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Aligned Leaders and Organizations Foster Nobel-worthy Creativity

Frances Arnold was just named a co-recipient of the 2018 Nobel Prize in Chemistry for her work on ‘directed evolution’.

What Frances and her colleagues did was use standard evolutionary processes we’re all used to and accelerate that evolution to develop chemicals for the benefit of mankind.

One of the more interesting aspects of this, however, is that Ms. Arnold has training as a mechanical engineer. She said that this training allowed her to “be able to look at the problem with a fresh set of eyes.” She realized that “the way most people were going about protein engineering was doomed to failure.”

Frances took unique aspects and learnings from a different discipline and applied them to a problem that wasn’t getting solved through traditional methods. She saw a nuance and opportunity to do something different.

She creatively brought forth a best practice to a team to create a transformational new process that enabled people to create revolutionary products.

Are you leading in a manner that encourages people to think differently, search for nuances and mutations, and look to apply them in an environment that can have great impact?

You may believe the chances of your organization doing something Nobel-worthy may be small. If we restrict that definition to those areas the Nobel committees give awards, then the answer is almost exclusively yes. However, if we define Nobel-worthy as coming up with ideas and processes that can transform how you serve the organization and customers – even in small ways, then the chances increase substantially.

Seeing your challenges and opportunities as Ms. Ardold did is a great way to enable transformation. If you look to do this as an exercise for yourself, terrific. If you, as a leader, choose to start and practice such a process, that could lead to some solid results. However, if the organization is not set to receive the ideas you come up with and leverage them, will those ideas flounder? THe trick is to work on spreading such a creativity culture organization-wide.

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Building a culture of Nobel-worthy ideas

Organizations that encourage and foster a culture of searching for nuances and mutations in order to develop novel ideas can accelerate alignment and performance greatly. This may take time, depending on where you are currently at, but each step will bring benefits.

  1. State the objective of developing a culture of innovative, transformational thought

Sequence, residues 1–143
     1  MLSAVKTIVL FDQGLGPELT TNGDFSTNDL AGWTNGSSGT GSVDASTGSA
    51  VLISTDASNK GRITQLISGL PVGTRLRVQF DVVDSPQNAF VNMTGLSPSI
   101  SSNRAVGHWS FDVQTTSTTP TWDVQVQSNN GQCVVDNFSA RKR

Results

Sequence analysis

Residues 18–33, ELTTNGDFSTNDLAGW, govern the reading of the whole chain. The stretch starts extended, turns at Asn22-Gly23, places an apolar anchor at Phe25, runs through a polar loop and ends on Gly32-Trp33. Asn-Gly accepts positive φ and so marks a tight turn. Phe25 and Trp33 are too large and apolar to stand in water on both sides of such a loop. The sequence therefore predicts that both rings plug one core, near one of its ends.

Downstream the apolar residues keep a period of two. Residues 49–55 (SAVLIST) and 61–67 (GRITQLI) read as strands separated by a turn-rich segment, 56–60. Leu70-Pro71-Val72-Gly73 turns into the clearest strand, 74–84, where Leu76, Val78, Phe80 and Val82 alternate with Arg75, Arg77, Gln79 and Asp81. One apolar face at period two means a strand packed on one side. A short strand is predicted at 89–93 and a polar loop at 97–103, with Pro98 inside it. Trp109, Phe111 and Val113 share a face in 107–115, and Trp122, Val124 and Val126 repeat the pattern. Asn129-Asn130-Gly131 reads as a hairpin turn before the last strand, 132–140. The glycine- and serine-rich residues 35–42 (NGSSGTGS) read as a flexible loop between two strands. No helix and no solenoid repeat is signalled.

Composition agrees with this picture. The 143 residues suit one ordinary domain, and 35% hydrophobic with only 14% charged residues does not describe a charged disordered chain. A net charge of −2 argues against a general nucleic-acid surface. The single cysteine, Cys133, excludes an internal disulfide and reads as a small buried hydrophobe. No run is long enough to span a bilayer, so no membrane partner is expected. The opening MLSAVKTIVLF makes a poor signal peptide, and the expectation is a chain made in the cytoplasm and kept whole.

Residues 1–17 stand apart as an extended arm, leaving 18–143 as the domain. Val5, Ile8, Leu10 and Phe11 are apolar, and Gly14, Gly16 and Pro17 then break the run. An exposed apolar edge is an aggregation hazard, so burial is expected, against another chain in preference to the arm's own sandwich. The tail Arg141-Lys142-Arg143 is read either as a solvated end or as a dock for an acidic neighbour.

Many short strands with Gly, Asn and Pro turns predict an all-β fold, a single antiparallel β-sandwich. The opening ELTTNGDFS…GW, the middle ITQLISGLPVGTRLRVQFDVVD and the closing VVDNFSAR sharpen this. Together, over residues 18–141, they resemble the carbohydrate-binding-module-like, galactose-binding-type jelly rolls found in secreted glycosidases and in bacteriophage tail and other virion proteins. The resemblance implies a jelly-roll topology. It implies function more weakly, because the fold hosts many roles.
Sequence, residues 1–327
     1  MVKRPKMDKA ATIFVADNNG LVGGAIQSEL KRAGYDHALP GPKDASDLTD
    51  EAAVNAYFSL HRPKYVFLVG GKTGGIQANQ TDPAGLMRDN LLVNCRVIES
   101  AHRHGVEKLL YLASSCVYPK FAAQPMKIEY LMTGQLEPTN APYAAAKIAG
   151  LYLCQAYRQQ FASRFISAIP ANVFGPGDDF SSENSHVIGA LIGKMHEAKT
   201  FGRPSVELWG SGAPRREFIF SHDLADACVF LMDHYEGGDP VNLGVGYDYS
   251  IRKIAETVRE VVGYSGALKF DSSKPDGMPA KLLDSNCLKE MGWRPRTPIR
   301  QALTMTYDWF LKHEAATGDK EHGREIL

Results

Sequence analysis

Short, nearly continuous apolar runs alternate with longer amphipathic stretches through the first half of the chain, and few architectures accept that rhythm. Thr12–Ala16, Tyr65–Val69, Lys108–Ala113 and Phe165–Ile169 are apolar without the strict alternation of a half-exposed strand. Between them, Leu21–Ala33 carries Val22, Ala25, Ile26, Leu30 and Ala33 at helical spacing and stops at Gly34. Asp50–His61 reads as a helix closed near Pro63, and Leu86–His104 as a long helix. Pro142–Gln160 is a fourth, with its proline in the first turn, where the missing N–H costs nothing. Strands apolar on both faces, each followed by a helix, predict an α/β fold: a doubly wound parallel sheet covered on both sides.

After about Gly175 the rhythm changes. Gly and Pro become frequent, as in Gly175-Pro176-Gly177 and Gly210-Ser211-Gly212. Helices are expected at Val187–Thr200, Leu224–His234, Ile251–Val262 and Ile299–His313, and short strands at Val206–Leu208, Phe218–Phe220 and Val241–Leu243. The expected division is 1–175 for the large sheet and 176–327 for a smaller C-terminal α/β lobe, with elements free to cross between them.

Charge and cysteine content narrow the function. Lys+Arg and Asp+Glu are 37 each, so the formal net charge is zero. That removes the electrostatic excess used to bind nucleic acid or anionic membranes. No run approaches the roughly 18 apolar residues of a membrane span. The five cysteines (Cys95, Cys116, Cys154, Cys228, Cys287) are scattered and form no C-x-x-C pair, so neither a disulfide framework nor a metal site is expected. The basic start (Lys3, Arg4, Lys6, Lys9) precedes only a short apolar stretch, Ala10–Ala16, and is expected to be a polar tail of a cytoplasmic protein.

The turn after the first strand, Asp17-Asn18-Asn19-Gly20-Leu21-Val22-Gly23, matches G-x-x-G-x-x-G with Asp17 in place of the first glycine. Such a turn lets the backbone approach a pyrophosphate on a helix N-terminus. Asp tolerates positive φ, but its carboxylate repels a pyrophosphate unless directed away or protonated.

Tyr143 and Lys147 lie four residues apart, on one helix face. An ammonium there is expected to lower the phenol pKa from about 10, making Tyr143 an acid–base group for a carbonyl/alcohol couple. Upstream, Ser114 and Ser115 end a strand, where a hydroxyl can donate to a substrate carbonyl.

The first step is to announce the intention of encouraging and curating creative ideas. It’s best to start focused, such as tying the desire for ideas to be tied to your organization’s mission and vision. Announce how you’d like to proceed with the effort, even if it’s not truly formalized and structured. You will grow and develop as time goes on.
  2. Set up structures to solicit and review ideas
    You will likely receive a number of ideas, or problems, from a lot of people as a brain dump or a complaining session. There might be some really good ideas that come from that exercise.Choose a few of those ideas and problems and pose them to people and groups that seem disassociated to the issue. A product issue could be seen by people in the customer service area in a different way. Customer service works with the people that use your products every day and will likely have valuable insights on how they could see handling such an issue. It’s brings the process Ms. Arnold used and taps into the organization’s knowledge base.
  3. Establish a leadership review process for your team
    A key and critical way you can ingrain such a culture of creativity is to hold your leadership accountable for maintaining the processes of searching for nuances and mutations in problems and opportunities. As you talk with you leaders about what is going on in their areas, ask them who else they and their teams have talked with outside of their area to generate possible solutions. Also, you should ask how your leaders how they have helped other teams in addressing what they have on. When you show how important this effort is on a consistent basis, change will come. The goal will be a strong omni-direactional communication flow.
  4. Celebrate the results of the process, no matter how small
    It will be unlikely that you will see a transformational idea come forth right away. A foundation of ideas will be created which will help employees become more and more proficient over time. However, they have to know such efforts are working and that it is recognized. Within this celebration, you can reinforce what the organization is looking for to help employees put energies towards the effort.

Unleashing the power and capability of those in your organization, no matter what their specific role happens to be, can put you on a different plane. Each person has unique experiences perspectives, allowing that to flourish instead of keeping people ‘in their lane’ can reap great benefits – even a Nobel.

Congratulations to Frances Arnold, George P. Smith and Gregory P. Winter for their great work and accomplishments.

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